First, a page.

In any prayer where no reference to God’s redemption preceded the prayer—Mussaf, Mincha, and Ne’ila—we can and do say ki shem Hashem ekra, before we call out in God’s Name, we give glory or greatness to God.

Barukh Hu u-Barukh Shemo

Tur tells us his father, Rosh, would say barukh Hu u-varukh Shemo, blessed is He and blessed is His Name, whenever he heard a blessing where he was not depending on that blessing for any fulfillment. We bless the righteous when they are mentioned (for example, we say zikhrono livrakhah, may his memory be a blessing, or for the living, nero ya’ir, may his light shine, etc.), all the more so for God, especially because of our verse, when Moshe says God’s Name, he tells us to give godel.

Should we need the blessing—such as where the person about to blow the shofar makes the blessing for all of us, to use a recent example—were we to say barukh Hu u-varukh Shemo, it would interrupt the berakhah we are “saying” by listening and responding amenArukh HaShulchan 124;10, says many Torah scholars disliked the whole practice because they doubted the general public would recognize the distinction, and would say the phrase even for berakhot they were supposed to be relying on to fulfill an obligation.

[The distinction fuels divergent practices around the chazzan’s repetition of the Shemoneh EsreiShulchan Arukh certainly seems to think we should be saying barukh Hu u-varukh Shemo for each blessing in the repetition. The Rov, R. Soloveitchik, zt”l, argued that the chazzan’s prayer was tefillat ha-tzibbur, the community’s prayer as a unit, and therefore everyone should stand with their feet together the whole time, as if praying themselves, and certainly not say barukh Hu u-varukh Shemo.]


Our last example is discussed in Orakh Chayim 191;1, based on Berakhot 45a, where the Mishnah lays out the idea of zimmun, three Jews of the same gender who ate together should add a section to their Grace After Meals, to turn it into a joint activity, an opportunity to have one call out in the Name of God, the other two (or more) give godel, glory, to Hashem with their response.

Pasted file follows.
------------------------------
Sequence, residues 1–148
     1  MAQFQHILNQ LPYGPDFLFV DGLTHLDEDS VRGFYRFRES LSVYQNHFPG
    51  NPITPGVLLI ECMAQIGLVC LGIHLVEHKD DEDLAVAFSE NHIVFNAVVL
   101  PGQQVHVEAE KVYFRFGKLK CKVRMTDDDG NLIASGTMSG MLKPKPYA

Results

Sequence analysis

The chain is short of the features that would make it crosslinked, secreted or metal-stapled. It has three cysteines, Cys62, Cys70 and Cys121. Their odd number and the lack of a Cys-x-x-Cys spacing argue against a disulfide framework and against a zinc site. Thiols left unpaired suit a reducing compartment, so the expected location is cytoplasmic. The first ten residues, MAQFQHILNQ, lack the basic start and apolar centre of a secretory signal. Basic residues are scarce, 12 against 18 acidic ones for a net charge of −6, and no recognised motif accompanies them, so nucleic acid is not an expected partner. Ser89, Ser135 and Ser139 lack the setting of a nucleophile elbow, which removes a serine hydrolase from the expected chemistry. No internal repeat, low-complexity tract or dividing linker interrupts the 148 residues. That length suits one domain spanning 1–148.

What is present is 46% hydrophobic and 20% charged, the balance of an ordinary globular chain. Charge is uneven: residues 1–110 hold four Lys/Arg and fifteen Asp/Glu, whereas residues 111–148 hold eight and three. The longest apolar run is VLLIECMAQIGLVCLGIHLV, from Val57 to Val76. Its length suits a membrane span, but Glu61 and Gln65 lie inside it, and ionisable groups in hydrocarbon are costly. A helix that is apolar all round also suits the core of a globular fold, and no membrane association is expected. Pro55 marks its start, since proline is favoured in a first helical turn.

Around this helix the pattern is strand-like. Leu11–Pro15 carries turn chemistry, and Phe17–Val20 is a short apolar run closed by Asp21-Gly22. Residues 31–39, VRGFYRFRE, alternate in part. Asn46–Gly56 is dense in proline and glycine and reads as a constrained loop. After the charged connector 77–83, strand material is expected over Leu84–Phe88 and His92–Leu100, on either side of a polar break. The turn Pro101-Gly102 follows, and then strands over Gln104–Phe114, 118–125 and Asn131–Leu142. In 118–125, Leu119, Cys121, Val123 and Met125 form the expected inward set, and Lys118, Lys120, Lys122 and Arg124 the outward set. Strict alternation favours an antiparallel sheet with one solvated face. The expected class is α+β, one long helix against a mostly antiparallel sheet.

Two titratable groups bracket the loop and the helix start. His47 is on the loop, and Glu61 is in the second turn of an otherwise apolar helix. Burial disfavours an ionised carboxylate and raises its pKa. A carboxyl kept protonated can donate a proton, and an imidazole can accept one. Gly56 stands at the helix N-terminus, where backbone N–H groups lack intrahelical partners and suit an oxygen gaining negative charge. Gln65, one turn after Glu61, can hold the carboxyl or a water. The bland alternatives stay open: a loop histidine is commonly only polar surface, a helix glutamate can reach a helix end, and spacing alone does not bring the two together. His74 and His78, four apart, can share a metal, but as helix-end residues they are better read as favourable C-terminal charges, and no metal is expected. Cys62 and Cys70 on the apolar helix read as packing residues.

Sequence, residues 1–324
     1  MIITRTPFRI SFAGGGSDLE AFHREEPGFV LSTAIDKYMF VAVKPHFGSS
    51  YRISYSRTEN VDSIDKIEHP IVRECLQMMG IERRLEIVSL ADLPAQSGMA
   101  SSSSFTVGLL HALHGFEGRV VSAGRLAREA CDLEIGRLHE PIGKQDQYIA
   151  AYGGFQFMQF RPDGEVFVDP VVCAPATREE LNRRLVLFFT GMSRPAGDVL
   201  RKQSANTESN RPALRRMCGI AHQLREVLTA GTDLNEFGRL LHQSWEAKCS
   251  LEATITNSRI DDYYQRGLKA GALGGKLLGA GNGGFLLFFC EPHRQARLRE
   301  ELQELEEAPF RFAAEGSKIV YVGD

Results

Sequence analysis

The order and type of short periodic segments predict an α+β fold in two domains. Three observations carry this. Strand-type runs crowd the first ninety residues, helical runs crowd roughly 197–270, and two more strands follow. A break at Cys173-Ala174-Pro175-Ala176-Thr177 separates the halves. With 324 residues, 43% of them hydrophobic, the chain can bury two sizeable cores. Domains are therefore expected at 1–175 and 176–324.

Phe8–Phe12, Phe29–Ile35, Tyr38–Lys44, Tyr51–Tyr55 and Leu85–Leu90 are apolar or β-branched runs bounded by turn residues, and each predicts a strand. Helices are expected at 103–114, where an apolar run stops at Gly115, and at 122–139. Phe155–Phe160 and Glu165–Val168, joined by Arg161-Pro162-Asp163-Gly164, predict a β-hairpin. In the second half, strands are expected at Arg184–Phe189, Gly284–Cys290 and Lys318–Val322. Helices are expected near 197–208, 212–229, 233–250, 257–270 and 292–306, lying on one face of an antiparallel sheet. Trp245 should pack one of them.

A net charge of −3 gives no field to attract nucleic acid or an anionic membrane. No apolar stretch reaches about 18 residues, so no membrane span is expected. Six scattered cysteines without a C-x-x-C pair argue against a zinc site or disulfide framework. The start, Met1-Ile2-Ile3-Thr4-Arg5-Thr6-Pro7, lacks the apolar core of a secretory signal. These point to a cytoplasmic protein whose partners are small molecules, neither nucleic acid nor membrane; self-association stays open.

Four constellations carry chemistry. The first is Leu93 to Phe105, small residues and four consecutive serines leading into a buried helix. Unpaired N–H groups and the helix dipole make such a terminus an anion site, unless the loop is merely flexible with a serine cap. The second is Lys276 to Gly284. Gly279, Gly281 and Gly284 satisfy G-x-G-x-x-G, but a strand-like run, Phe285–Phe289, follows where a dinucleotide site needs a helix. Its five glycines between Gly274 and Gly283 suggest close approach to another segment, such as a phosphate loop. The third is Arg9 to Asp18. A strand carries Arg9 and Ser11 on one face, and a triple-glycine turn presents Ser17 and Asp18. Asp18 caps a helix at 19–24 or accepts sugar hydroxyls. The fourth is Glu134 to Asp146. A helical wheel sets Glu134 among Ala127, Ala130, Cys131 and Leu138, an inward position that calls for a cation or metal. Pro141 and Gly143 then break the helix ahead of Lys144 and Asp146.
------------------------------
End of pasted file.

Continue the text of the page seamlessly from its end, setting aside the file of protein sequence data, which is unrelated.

For a source, Berakhot 48b turned first to Tehillim 34;4, gadelu la-Shem iti, give glory to Hashem with me, implying three people, because the leader summons the two others (the minimum for a plural). Then the Gemara added our verse, perhaps because it appears in the Torah, with the same basic message.

Four examples, two likely de-oraita, of where we prefer praising God’s Name wherever we mention it, ideally in a group.

Maybe it is a fitting way to end the year, with a practice with clear Torah roots, perhaps some Biblical applications, that also shows us ways to act not specifically legislated by the Torah, the overall topic of our study these past two years. After Simchat Torah, God willing, I’m going to apply that process to Arukh HaShulchan more concentratedly, taking a siman at a time to see the rules he articulates, and their source. Looking forward to seeing you then, Gmar Hatimah Tovah!

About Gidon Rothstein